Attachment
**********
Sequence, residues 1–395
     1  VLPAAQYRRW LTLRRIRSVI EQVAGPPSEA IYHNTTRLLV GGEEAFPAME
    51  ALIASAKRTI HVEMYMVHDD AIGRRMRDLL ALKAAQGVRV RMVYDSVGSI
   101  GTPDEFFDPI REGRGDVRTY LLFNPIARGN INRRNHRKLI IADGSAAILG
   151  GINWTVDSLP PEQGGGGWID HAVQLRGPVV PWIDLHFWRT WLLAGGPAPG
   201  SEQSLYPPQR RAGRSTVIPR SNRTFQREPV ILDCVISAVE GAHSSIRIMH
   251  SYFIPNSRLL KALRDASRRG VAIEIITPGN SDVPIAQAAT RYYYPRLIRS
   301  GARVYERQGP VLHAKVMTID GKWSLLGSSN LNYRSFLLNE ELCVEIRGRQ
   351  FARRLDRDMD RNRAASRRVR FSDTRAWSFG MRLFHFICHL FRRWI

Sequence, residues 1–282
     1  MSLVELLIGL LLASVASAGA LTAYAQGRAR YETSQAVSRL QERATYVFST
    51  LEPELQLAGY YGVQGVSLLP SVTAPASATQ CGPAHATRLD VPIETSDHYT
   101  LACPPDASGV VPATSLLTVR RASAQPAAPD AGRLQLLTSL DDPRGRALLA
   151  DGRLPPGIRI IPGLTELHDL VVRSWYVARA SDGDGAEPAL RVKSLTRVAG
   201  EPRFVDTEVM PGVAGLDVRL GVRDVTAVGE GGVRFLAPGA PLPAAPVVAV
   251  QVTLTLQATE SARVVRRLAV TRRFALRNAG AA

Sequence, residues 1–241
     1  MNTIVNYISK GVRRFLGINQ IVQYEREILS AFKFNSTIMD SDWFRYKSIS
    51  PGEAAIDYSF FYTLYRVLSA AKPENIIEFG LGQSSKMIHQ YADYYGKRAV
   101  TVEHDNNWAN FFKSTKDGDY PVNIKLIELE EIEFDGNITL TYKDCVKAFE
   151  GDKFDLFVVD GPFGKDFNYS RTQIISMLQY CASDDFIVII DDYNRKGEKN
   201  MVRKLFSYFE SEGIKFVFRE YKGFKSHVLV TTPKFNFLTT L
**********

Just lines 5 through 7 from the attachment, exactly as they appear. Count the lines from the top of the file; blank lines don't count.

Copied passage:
   151  GINWTVDSLP PEQGGGGWID HAVQLRGPVV PWIDLHFWRT WLLAGGPAPG
   201  SEQSLYPPQR RAGRSTVIPR SNRTFQREPV ILDCVISAVE GAHSSIRIMH
   251  SYFIPNSRLL KALRDASRRG VAIEIITPGN SDVPIAQAAT RYYYPRLIRS